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Scale Effects on Cavitation Inception in Submerged Jets

Ooi, Kean Khoon (1981) Scale Effects on Cavitation Inception in Submerged Jets. California Institute of Technology , Pasadena, CA. http://resolver.caltech.edu/CaltechAUTHORS:20140110-162013289

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Abstract

The present work is an investigation into the scale effects on cavitation inception in submerged water jets. Four scale effects were studied: (i) jet size, (ii) jet velocity, (iii) dissolved air content, and (iv) the nuclei population in the flow. The nuclei population was artificially altered by "electrolysis seeding." Holography and schlieren photography were used to observe the flow. Direct measurements of the nuclei population were also accomplished by holography. In addition, the instantaneous pressure field in the jet was successfully mapped out using specially tailored bubbles as pressure sensors. It was found that inception did not generally occur in the cores of the turbulent eddies and that the region in which the cavities were first seen were dependent on the size of the jet. Pressure measurements showed that negative peak pressure fluctuation intensities of as high as 120 percent of the dynamic head existed in the jet. The results also revealed that the instantaneous pressure fluctuations have a slightly skewed bell shape probability distribution. For the present tests, the inception index was independent of the exit velocity for a constant size jet. However, when the flow was seeded, the inception number showed a linear dependence on velocity and this dependence increased with increased number of seeded nuclei. The effects of the nuclei number density and pressure fluctuations are incorporated in a "probable cavitation occurrence" parameter which shows promise in reducing scatter in this type of experiment.


Item Type:Report or Paper (Technical Report)
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http://resolver.caltech.edu/CaltechETD:etd-09202006-102904Related ItemUNSPECIFIED
Additional Information:This work was supported by Naval Sea Systems Command General Hydromechanics Research Program administered by the David Taylor Naval Research and Development Center under Contract No. N00014-75-C-038. Approved for public release; distribution unlimited. Report No. Eng. 183-6 December 1981. Approved by: A.J. Acosta. I would like to express my gratitude and thanks to my thesis advisor, Professor A.J. Acosta, for his invaluaole assistance, guidance and advice throughout the course of the present work. His concern for the welfare of this writer is. deeply appreciated. Thanks also go to Professor R.H. Sabersky who expressed a continuing interest in this research work and for his many helpful suggestions and comments. Dr. D. Oldenziel provided useful suggestions and stimulating discussions. This is gratefully acknowledged. I would like to thank my colleague J. Katz. His advice and assistance on matters related to holography were instrumental in bringing about a successful completion of the present holographic studies. E.F. Daly is deserving of special mention for his help during the design ~tages of the experimental apparatus. He has never ceased to amaze this writer with his uncanny design abilities. I am also grateful to J. Fontana who did the machining and assembly of the various components of the experimental equipment. Thanks are due too, to R. Eastvedt and L. Montenegro for their assistance. Several students helped in the processing of films and data reduction. In this respect, I would like to thank Catherine Petrov, Ronald Franz and Tawach Ungsuwarungsri. I am grateful to Susan Berkley and Rennie Dudek for their help and friendship. They have gone out of their way to accommodate the wishes of this writer, for which I am thankful. I would like to acknowledge the financial support of the Institute and of the Naval Sea System Command General Hydrodynamic Research Program administered by David W. Taylor Naval Ship Research and Development Center. Finally, I would like to express my deepest thanks to my family for their never ending support. It is to them and the memories of my mother that I dedicate this work.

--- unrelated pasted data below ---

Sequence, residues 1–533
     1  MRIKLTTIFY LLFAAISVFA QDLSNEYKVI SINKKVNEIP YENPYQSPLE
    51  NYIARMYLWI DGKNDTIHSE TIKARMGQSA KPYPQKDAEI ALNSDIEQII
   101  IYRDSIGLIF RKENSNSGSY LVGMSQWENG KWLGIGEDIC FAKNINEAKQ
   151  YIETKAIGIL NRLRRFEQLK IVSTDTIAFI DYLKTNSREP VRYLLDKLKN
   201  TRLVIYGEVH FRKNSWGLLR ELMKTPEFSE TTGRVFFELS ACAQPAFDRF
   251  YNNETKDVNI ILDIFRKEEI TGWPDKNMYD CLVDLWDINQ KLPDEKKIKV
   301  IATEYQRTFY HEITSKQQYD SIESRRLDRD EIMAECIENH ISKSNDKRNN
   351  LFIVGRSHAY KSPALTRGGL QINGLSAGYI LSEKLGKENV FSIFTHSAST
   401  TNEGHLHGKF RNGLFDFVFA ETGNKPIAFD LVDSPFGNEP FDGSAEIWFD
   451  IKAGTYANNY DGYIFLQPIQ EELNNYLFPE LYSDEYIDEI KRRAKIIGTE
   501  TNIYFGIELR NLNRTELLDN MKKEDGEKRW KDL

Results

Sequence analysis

Funders:
Funding AgencyGrant Number
David Taylor Naval Research and Development CenterN00014-75-C-038
Subject Keywords:cavitation, cavitation inception, cavitating jets, cavitation nuclei, jets -- pressure fluctuations in, jets -- flow visualization of.
Record Number:CaltechAUTHORS:20140110-162013289
Persistent URL:http://resolver.caltech.edu/CaltechAUTHORS:20140110-162013289
Usage Policy:No commercial reproduction, distribution, display or performance rights in this work are provided.
ID Code:43323
Collection:CaltechAUTHORS
Deposited By: Kristin Buxton
Deposited On:11 Jan 2014 00:44
Last Modified:11 Jan 2014 00:44

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